BA Fuel Surcharge 'Price-Fixing' Fine Halved
British Airways has had its record fine for colluding with rival Virgin Atlantic over passenger fuel surcharges halved by the Office of Fair Trading (OFT).
BA has been ordered to pay £58.5m instead of £121.5m its part in the price fixing.
The OFT has said fine had been re-assessed because of BA's co-operation into its investigation.
BA and Virgin Atlantic were engaged in anti-competitive practices in relation to the pricing of passenger fuel surcharges between August 2004 and January 2006.
The two airlines co-ordinated their surcharge pricing on long-haul flights to and from the UK through the exchange of pricing and other commercially sensitive information.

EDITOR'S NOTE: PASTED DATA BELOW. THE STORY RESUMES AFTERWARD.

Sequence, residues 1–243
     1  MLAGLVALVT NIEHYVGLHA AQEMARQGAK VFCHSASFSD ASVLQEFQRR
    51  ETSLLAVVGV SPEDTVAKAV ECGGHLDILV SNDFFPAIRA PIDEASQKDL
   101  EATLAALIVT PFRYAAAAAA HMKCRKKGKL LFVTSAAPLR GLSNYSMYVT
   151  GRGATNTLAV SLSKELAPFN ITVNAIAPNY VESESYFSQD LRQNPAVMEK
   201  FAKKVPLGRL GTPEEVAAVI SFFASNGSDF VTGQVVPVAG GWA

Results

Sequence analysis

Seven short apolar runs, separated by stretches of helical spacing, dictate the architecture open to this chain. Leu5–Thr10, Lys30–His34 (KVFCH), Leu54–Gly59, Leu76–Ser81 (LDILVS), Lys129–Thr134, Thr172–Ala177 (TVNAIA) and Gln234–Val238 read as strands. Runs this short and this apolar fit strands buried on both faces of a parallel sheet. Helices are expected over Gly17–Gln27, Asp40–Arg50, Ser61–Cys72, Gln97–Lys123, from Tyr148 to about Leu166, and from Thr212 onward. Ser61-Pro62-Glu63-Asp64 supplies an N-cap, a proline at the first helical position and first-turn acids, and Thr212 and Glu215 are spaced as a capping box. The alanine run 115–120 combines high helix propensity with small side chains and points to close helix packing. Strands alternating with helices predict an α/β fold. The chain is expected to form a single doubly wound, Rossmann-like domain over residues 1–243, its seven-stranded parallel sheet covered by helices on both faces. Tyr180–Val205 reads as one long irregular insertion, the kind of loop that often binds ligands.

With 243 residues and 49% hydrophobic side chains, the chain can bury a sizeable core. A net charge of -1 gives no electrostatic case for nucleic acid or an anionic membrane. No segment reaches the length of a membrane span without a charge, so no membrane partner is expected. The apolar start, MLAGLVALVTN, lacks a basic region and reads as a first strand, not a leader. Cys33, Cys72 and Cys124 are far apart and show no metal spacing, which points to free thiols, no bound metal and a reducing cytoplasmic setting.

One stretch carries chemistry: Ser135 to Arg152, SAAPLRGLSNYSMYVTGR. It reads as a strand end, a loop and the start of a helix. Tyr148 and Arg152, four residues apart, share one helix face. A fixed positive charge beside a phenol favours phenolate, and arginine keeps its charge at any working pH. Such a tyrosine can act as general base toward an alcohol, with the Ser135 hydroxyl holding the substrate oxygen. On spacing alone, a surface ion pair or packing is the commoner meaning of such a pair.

But as Virgin Atlantic brought the matter to the OFT's attention, Richard Branson's airline was not fined under the watchdog's leniency policy.
Ali Nikpay, OFT Senior Director of Cartels and Criminal Enforcement, said: "This decision brings an end to this investigation and sends out a strong message that co-ordinating pricing through the exchange of confidential information between competitors is unlawful.
"The size of the fine underlines that it is important for companies to take steps to ensure that they have an effective compliance culture."
BA, whose parent company International Airlines Group made £425m in pre-tax profit in 2011, welcomed the OFT's decision.
A spokesman said: "We are pleased that this matter, which concerned events between 2004 and 2006, has been settled."
The rivalry between BA and Virgin Atlantic intensified earlier this week when Virgin said it would appeal against a decision made by the European Commission to accept BMI's takeover by BA.